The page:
Improve Your Podcast Sound Without Spending Money (Tips From an Audio Engineer)

Drew Arigadas
Feb 20 · 7 min read
Photo by Thomas Le on Unsplash

I’ve mixed and edited hundreds (or thousands, I lost count) podcast episodes and overtime I have noticed the same issues in those recordings that could have exponentially improved the sound by just spending, not money, but a few minutes of prep time to set everything up. Forget about expensive mic or outboard preamps and limiter, all you need is a handy recorder, the tips below, and a good story.


1. Headphones is king (or earphones)

This is particularly true with skype interviews as the sound coming out of your speakers can bleed to your mic. So what usually ends up is your guest gets recorded twice a millisecond apart. It creates an artificial reverberation that makes your guest sound like their inside a cavern. It’s the same thing on the other side of the skype conversation, your own sound will benefit if your guest wears his/her headphones.

2. Dampen things a bit with fabric (also, record on rooms where there’s a lot of stuff)

Before recording in a room, try to check if there’s too much reverberation happening in it. Simplest way to check is to clap. If there’s a tiny bit of echo, we need to dampen that reverb a bit. For that, you can use some quilt or your fluffy duvet. Best place to put it is behind you, fluffed up in a console table or hanging on a mobile clothes rack. You’ll probably ask why. Well, sound travels from your mouth then gets picked up by a mic. A big chunk of the sound gets past that mic and bounces off from your computer, desk, or wall, and into the room until it reaches a wall behind you, ultimately bouncing again to reach your mic a few milliseconds after the sound came out of your mouth. Reverb is basically that, a delayed reflection of sound.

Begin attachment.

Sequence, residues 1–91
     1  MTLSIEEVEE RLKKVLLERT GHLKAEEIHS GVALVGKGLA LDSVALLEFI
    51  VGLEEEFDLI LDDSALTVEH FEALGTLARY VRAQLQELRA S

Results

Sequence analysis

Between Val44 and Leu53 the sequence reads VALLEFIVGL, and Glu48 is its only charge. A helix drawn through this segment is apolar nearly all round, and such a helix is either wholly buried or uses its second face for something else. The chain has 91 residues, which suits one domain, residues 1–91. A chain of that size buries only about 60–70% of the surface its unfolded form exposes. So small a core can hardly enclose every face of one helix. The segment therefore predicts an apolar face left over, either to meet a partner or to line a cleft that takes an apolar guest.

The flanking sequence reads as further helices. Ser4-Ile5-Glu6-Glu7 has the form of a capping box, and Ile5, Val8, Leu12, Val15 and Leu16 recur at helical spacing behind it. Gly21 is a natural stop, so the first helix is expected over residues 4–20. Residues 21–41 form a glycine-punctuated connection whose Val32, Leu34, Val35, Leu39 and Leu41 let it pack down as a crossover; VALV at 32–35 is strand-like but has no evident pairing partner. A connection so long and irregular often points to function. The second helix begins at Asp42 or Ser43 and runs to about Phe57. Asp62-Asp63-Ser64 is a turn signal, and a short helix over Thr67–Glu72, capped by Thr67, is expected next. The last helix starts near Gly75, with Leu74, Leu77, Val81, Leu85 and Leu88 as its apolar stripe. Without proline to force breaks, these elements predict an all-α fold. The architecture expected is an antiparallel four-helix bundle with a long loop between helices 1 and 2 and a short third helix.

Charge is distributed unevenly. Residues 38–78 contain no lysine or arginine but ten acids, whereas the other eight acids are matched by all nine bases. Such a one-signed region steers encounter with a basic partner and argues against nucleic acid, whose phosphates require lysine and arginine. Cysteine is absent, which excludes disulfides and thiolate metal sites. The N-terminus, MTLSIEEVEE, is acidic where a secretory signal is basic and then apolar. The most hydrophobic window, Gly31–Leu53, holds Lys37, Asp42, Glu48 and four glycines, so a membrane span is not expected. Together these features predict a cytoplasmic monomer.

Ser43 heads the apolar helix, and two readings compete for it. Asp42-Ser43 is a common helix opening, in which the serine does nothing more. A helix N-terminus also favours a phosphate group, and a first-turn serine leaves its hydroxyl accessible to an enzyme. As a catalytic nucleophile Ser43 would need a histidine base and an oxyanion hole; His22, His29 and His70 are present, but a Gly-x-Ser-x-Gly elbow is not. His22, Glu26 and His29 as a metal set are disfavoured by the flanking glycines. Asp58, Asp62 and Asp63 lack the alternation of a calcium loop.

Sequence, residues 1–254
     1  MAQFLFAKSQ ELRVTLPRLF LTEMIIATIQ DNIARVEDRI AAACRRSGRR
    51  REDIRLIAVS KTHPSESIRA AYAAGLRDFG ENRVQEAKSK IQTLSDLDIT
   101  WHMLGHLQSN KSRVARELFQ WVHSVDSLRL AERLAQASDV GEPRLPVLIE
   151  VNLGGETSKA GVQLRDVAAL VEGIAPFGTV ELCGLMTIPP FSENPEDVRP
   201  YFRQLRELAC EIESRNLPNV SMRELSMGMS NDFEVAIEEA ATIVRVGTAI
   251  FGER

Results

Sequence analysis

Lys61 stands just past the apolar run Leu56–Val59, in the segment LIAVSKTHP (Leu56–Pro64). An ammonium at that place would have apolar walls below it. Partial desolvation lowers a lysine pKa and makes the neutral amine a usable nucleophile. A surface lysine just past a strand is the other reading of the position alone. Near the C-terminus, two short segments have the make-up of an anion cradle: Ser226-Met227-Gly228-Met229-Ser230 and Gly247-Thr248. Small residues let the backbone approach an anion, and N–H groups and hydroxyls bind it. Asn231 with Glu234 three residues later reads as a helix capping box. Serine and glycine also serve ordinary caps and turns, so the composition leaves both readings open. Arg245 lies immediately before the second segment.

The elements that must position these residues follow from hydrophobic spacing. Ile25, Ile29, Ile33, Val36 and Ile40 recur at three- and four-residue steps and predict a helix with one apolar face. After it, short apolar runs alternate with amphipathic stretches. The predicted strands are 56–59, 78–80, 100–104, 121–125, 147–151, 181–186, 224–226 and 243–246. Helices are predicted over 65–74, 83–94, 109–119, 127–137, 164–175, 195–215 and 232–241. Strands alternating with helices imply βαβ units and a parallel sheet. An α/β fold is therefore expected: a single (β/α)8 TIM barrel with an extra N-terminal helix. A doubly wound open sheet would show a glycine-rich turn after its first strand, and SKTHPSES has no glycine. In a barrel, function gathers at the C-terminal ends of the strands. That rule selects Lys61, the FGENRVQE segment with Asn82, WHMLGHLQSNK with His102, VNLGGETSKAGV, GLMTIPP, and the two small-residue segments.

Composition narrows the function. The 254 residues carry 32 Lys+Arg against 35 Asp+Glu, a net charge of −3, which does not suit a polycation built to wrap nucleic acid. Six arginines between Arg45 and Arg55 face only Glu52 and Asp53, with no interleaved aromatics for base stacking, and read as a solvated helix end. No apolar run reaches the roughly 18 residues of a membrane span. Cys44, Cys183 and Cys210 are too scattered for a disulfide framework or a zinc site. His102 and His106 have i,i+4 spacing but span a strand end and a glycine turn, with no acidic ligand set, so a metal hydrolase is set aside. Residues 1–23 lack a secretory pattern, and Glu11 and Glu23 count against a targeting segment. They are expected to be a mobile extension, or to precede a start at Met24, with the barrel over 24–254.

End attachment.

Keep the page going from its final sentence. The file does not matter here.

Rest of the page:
If you have a large flat surface like a big dining table on the room, you can also try putting some thick fabric on top it. Then try the clap test again.

Another thing you can do is to record in a place where there’s ton of stuff, like an office full of books, or a bedroom full of clothes in an open cabinet. Stuff tends to either diffuse or absorb sounds depending on how soft they are. Either diffusion or absorption is good just to tame those relections. So you thought those ikea shelves behind beauty vloggers are just display?

3. Keep distance from mic

Most microphones tends to sound boomy when you speak too close to it. That extra bass hides the clarity and definition of your (golden) voice. Try making a test recording of different mic distance and see (hear) what you like. Mics usually sounds their best when speaking 6 to 12 inches away from it.